Derek Sivers was an accidental business founder. All he wanted to do was put his music online and sell it online before the dotcom bubble when PayPal did not exist yet.
During one four-year period, his revenues jumped from $1 to $20 million while his staff count surged from 8 to 85. He eventually sold CD Baby for $22 million in 2008.
Derek tells his founder's story in the book, Anything You Like. Since it's a book I recommend to every CFO, I invited Hannah Munro, the host of the CFO 4.0 podcast, to unpack this story full of ups and downs for this fascinating business founder.
If you like books similar to Shoe Dog and Derek's, we list our top ten titles in this unique leadership genre. You can revisit that list here: Books Similar to Anything You Like and Shoe Dog.
Altri episodi di "CFO Bookshelf"
54:41Confessions of a Pricing Man is easily the best book ever written on this topic.The author is Hermann Simon, the Chairman of Simon-Kucher. He's also one of this generation's most prolific business thinkers, whose writing parallels Peter Drucker's.In this conversation, our topic is Hermann's 2021 book, True Profit. Topics include profit maximization, the reason why pricing as a profit lever trumps volume increases or cost reductions, and the differences between profit and free cash flow.
The Stories Beyond FTX and Sam Bankman-Fried
54:34I predict that Number Go Up will be considered the most fascinating and entertaining book in narrative non-fiction for 2023.Our guest is Zeke Faux, an investigative reporter. Several years ago, he was asked to check out Tether and the money supporting that cryptocurrency. Zeke had no idea that story would take him across the globe, logging many air miles along the way.If you are challenged or intimidated by the vocabulary surrounding cryptocurrencies, we attack about ten terms to lay the groundwork for the stories Zeke tells us later in the interview.
Non perdere nemmeno un episodio di “CFO Bookshelf”. Iscriviti all'app gratuita GetPodcast.
The BI Cantos
53:03Dan Murray is the author of Tableau Your Data, and he recently published a blog series called The BI Cantos. The 21-post series is about how to successfully deploy a business intelligence system.Dan is the Director of Strategic Innovations at Interworks, where he has spoken across the country with audiences, including many in the Fortune 500.What exactly is business intelligence? What are the best tools to use? How do we separate fact from fiction in these implementations? And what is the best way to find a consultant?Dan answers these questions and more as this episode is geared toward those embarking on a new BI journey.The BI Cantos Blog Series - LINK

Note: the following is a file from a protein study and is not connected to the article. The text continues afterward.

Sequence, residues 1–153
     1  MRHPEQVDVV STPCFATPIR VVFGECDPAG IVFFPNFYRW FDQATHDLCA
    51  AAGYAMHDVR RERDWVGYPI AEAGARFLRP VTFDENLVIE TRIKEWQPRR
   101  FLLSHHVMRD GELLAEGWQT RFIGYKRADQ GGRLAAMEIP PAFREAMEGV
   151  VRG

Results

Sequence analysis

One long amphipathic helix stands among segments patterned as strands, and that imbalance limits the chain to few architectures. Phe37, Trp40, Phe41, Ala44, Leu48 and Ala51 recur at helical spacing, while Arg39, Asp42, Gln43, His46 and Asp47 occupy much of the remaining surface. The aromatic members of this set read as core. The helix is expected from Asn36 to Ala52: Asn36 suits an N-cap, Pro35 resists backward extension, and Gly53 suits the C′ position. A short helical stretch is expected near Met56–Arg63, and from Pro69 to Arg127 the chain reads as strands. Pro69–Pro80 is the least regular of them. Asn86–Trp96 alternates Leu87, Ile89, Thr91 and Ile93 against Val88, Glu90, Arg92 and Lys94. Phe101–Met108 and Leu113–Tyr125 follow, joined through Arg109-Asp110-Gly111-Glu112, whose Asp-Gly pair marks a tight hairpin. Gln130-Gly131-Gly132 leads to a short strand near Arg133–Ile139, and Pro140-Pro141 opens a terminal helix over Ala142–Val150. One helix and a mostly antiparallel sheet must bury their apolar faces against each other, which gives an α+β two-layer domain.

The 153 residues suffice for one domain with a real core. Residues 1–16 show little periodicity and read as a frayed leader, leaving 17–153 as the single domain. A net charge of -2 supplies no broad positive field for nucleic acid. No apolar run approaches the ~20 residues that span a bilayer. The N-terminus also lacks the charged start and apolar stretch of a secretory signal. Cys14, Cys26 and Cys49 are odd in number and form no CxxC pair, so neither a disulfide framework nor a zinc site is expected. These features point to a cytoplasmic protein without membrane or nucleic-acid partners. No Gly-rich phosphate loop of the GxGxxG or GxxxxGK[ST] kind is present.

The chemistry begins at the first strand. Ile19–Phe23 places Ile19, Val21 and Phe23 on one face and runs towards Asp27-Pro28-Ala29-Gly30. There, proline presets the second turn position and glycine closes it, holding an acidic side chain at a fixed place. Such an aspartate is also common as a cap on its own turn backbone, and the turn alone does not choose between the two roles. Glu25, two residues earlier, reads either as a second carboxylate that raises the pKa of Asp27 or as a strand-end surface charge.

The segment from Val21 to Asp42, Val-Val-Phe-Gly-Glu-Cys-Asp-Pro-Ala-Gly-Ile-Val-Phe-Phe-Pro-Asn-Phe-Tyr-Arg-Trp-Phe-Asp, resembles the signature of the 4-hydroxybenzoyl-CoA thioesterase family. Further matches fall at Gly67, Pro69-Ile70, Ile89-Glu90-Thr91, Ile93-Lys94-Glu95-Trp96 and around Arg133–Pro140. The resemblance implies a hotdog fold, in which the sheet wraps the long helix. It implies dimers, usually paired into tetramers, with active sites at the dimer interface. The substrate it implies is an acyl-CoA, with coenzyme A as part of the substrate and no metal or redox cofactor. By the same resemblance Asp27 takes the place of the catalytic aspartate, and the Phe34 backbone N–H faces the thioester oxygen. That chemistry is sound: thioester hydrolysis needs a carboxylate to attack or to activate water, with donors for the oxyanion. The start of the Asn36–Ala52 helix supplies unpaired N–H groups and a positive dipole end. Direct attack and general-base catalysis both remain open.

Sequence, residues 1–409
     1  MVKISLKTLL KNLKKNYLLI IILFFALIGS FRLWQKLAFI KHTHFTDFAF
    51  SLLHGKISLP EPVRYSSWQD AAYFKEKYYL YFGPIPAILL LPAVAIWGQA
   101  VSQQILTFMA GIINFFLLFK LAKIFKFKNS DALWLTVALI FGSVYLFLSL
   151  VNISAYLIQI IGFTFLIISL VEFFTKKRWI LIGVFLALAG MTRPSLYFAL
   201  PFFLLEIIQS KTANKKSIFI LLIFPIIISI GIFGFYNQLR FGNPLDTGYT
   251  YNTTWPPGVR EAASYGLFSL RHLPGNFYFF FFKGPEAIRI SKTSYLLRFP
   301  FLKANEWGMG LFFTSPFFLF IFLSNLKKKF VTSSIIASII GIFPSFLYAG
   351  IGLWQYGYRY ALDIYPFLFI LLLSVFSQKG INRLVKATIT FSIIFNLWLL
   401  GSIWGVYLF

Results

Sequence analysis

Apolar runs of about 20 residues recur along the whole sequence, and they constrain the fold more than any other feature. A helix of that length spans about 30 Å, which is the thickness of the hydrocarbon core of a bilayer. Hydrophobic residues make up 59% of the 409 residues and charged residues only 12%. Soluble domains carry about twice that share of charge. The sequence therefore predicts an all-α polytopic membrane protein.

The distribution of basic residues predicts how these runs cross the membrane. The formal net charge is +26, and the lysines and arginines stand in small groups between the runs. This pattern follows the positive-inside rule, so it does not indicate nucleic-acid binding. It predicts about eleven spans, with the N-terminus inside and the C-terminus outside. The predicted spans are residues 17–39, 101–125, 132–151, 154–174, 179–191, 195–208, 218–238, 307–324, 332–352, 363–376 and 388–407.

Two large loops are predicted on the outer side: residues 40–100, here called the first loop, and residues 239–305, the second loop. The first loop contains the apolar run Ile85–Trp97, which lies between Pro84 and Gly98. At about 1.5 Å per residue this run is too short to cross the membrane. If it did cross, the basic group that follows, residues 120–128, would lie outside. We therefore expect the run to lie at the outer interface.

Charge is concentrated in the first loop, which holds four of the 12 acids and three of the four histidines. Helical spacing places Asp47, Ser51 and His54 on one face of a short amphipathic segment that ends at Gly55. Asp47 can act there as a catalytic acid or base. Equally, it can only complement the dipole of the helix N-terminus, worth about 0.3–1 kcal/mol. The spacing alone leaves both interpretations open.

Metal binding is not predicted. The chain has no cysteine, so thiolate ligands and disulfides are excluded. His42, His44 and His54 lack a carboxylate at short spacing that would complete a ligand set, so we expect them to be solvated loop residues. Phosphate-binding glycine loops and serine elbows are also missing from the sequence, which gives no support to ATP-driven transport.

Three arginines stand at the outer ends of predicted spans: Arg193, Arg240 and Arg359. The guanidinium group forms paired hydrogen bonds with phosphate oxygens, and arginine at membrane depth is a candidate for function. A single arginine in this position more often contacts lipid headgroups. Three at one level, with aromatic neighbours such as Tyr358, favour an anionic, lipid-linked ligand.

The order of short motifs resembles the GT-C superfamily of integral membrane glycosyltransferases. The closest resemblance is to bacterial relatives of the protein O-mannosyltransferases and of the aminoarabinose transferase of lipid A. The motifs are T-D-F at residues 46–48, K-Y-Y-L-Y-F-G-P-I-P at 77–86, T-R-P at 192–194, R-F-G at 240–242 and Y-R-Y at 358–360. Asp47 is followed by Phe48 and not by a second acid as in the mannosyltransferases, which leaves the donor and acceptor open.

Farming, Food, and Finances With Joel Salatin
1:00:00Joel Salatin is more than a gifted farm entrepreneur in the Shenandoah Valley of Virginia. Joel is the author of twelve books and speaks around the globe on not just farming but simultaneously protecting and replenishing the land.The book we focused on was Folks, This Ain't Normal, which includes plenty of satire and humor. Our topics included open-book farming, the difference between buying natural vs. processed food, and several fascinating concepts revolving around money.If you want to learn more about Joel after listening to the interview, I'd start with this site as a launching pad: TheLunaticFarmer.com.You can read the full show notes on this episode on our website.
What is The Halo Effect?
49:18One of my favorite 25 business books is The Halo Effect by Phil Rosenzweig.During this conversation, Phil explains the halo effect, along with several other delusions business leaders are bombarded with daily from the press, business authors, and consulting gurus.Other highlights include:remedies for overcoming the halo effect heuristicresearch flaws in Good to Greatbackward causalitiesbusiness culture and financial performance"When the legend becomes fact, print the legend."greed and hubrisPhil's favorite business books
Rasputin for Hire